DAKAR, Senegal -- Nomadic rebels whose revolt in northern Mali last year split the West African nation in two signed a peace deal Tuesday with the government, resolving a stumbling block to the country's reconstruction.
The rebels of the Tuareg ethnic group had been clinging to swaths of Mali's desert north, refusing to disarm or allow the country's army to enter Kidal, a dusty Sahara outpost near the Algerian border. The peace accord, which calls for the deployment of the Malian army there, follows a French military intervention at the beginning of the year that itself went some way to putting the fractured country back together.
That intervention did not go all the way, however, and the accord signed Tuesday in Ouagadougou, the capital of Burkina Faso, now appears to resolve the last major sticking point. The agreement also helps clear the way for elections in late July. International donors, whose billions of dollars in promised aid is vital to Mali's reconstruction, have been pressuring the government to hold elections.
Before a recent series of military confrontations, Mali had been one of West Africa's most stable nations. In January and February, the French chased out Al Qaeda-allied Islamists, who took over Mali's north last year. But they did not dislodge the Tuaregs, rankling the government and population in Bamako, the capital.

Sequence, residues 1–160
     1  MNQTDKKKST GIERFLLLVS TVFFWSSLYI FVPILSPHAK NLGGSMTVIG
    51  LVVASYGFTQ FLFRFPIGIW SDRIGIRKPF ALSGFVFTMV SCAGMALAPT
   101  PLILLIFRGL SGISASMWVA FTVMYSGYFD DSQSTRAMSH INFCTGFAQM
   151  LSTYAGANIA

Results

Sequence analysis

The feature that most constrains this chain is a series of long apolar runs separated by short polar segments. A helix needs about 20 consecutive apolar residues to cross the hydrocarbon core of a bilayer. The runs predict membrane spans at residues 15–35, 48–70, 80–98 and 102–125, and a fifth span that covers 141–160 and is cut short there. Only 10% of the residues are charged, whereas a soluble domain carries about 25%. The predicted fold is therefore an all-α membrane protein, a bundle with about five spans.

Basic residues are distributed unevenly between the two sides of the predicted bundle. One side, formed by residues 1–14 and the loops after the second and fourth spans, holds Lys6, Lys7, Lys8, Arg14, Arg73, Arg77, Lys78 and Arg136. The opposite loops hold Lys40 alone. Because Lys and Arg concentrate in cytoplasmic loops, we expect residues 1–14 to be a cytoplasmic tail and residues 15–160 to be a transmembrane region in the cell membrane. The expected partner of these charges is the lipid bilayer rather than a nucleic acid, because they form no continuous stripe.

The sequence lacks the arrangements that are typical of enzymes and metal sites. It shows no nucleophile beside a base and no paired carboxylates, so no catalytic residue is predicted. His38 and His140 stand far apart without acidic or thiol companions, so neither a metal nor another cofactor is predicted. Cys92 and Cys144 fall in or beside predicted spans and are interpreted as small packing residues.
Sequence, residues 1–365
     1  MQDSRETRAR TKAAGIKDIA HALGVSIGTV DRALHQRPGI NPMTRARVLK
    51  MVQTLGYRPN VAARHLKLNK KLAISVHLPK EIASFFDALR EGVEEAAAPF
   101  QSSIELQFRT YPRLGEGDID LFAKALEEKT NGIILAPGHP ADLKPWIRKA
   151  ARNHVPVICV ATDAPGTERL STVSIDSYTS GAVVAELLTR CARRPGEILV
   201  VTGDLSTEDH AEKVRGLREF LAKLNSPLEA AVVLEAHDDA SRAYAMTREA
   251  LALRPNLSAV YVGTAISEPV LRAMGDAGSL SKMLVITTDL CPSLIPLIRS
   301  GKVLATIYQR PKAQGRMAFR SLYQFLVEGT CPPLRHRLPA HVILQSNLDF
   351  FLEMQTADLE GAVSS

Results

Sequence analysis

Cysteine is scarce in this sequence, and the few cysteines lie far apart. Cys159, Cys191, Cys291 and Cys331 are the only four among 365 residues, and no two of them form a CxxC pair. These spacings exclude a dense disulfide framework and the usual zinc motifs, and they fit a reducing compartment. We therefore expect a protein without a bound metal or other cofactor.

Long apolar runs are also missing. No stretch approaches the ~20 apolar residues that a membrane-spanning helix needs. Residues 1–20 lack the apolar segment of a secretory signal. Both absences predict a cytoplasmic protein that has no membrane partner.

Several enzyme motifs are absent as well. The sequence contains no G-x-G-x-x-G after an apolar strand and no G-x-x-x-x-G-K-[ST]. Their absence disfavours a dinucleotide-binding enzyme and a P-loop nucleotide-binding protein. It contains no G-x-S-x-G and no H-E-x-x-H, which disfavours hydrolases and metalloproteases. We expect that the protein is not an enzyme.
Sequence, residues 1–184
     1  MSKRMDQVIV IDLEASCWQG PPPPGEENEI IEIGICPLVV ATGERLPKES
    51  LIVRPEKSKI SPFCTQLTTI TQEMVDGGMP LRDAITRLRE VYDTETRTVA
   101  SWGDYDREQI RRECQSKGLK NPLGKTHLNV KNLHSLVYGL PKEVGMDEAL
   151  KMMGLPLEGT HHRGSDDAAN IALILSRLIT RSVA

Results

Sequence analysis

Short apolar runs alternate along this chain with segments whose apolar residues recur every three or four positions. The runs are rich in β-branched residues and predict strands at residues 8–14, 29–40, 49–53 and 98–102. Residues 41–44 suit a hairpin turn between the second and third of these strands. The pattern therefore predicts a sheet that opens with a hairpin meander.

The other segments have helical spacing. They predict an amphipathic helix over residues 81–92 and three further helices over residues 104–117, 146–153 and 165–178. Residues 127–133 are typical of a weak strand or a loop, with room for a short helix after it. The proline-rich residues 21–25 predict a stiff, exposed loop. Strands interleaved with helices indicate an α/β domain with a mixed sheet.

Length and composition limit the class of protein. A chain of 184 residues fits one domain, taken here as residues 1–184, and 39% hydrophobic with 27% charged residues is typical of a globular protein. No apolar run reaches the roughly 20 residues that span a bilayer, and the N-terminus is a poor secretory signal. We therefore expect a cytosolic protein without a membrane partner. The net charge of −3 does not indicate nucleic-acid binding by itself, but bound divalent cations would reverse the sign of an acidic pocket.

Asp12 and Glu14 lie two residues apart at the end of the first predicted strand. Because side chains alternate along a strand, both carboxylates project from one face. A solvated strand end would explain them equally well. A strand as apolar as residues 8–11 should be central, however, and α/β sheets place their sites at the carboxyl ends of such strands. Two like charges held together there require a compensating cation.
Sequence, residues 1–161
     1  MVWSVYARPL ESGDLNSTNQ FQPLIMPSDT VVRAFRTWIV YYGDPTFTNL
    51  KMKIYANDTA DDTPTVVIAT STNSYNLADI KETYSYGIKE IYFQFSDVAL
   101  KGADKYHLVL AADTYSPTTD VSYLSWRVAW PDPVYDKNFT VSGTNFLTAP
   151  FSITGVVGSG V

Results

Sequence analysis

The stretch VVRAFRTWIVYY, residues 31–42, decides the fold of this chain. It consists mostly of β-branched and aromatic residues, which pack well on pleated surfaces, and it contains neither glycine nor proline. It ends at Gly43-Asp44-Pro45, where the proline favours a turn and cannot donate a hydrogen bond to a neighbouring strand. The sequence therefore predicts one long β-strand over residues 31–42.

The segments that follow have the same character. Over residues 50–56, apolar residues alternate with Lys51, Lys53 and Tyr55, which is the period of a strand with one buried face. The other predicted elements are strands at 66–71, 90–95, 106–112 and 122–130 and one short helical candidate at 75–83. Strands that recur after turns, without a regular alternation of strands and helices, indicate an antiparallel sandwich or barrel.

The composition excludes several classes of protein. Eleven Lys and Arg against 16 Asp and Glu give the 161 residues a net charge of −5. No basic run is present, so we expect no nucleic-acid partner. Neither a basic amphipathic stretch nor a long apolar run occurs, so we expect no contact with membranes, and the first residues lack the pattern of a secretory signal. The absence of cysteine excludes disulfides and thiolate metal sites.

It was the Tuareg uprising in January 2012 -- the latest in a long series of revolts by the Tuaregs dating to the 1960s -- and the subsequent rout of the Malian Army, that paved the way for the Islamist takeover.
For weeks after the French had effectively chased the Islamists out of Mali, the Tuaregs hung on in Kidal, proclaiming their sovereignty. The government sent troops north, announcing its intention to retake Kidal by force, if necessary.
The agreement reached Tuesday will halt that military campaign. A draft circulated last week called for the "progressive deployment of the Malian Army in Kidal." The agreement re-establishes "the sovereignty of Mali on each centimeter of national territory," the Malian government's chief negotiator, Tiébilé Dramé, told French radio Tuesday.
The French foreign minister, Laurent Fabius, said the agreement means that Mali's "security is restored, in essence," and that the way was now clear for elections in July.
This article originally appeared in The New York Times.